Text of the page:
classes at the Tampa Bay Institute for Psychoanalytic Studies, Inc approach the
Spring semester’s end next week, I reflect back on the Second Year’s course in Attachment
and Affects. Attachment theory, pioneered by John Bowlby, is a relational theory
that conceptualizes an innate human motivation to be connected with others. Crying,
clinging and proximity are behaviors infants and toddlers have adapted to
remain safe and secure. When parents respond in an attuned fashion, children can
use the secure base from which to explore the world. Therapists, too, strive to
co-create a safe place which allows better for exploration of interiority. Moreover,
human beings require management of their affects, and emotional regulation starts
out in the caregiver-infant dyad, where mutual regulation, then infant self
regulation can develop. Affect regulation is seen as a necessary component to
optimal growth and development. Theorists differ: intersubjectivity may allow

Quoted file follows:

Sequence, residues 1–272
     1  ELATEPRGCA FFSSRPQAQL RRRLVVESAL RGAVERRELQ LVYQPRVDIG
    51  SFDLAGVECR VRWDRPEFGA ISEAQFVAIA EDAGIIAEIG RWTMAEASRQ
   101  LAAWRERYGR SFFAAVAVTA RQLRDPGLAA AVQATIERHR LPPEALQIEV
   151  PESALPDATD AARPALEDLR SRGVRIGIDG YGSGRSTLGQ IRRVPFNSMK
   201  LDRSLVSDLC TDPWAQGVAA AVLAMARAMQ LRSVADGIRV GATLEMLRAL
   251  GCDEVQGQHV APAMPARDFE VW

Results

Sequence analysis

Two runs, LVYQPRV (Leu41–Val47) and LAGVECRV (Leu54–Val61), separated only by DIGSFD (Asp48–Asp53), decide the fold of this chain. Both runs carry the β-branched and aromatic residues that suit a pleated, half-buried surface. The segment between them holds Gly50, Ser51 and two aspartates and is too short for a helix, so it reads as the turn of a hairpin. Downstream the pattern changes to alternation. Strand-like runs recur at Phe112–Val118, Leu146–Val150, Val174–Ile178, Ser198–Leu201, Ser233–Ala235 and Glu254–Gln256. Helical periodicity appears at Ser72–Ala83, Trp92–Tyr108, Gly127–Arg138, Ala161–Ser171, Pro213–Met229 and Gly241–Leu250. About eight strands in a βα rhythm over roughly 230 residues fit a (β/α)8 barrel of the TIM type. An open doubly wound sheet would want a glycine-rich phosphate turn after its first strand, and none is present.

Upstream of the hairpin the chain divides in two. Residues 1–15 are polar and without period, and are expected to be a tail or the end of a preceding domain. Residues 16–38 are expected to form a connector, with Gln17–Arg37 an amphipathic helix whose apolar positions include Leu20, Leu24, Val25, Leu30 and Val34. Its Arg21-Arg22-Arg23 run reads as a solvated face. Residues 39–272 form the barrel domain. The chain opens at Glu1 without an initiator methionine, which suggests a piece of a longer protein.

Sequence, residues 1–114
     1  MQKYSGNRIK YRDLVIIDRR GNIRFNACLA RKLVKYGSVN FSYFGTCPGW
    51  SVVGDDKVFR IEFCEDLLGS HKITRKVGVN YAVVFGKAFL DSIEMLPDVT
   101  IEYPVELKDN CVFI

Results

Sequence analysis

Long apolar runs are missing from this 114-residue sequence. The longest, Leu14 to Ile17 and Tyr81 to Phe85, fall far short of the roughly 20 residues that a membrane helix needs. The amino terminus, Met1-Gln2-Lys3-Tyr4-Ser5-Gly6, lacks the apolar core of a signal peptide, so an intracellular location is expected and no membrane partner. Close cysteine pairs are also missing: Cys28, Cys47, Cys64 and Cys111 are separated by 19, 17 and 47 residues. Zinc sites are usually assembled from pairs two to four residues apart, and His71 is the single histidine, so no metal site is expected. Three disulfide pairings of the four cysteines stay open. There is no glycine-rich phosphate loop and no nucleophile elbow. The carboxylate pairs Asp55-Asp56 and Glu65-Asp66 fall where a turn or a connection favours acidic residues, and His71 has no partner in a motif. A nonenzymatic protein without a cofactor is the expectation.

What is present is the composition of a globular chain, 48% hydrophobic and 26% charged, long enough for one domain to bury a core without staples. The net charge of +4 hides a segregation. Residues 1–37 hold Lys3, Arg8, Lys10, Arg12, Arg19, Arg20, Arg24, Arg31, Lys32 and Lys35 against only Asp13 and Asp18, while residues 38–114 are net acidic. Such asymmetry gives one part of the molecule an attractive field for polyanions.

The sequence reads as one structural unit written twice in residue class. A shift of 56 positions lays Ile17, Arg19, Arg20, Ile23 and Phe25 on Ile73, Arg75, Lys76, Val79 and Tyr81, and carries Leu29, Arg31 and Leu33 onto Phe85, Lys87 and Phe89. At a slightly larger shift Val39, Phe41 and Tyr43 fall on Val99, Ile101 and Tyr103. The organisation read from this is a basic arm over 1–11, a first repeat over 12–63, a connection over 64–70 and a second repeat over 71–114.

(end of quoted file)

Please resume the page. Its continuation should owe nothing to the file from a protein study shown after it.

for attachment within which there is affect regulation; or, conversely, attachment
may allow for intersubjectivity within which emotional regulation is achieved.
Humans throughout life struggle to balance our longings for connection with our striving for autonomy. In traditional psychoanalysis, ‘freedom’ usually meant freedom from dependence, and [masculine] autonomy was privileged over [feminine] connectedness. Dependency, as in human infancy, creates conflict and engenders humiliation. The ubiquitous dilemma is the striving to be connected in dialectical tension with the striving for independence, or as Benjamin might describe it, the tension between recognition (contact and connectedness) and negation (the illusion of omnipotence and control).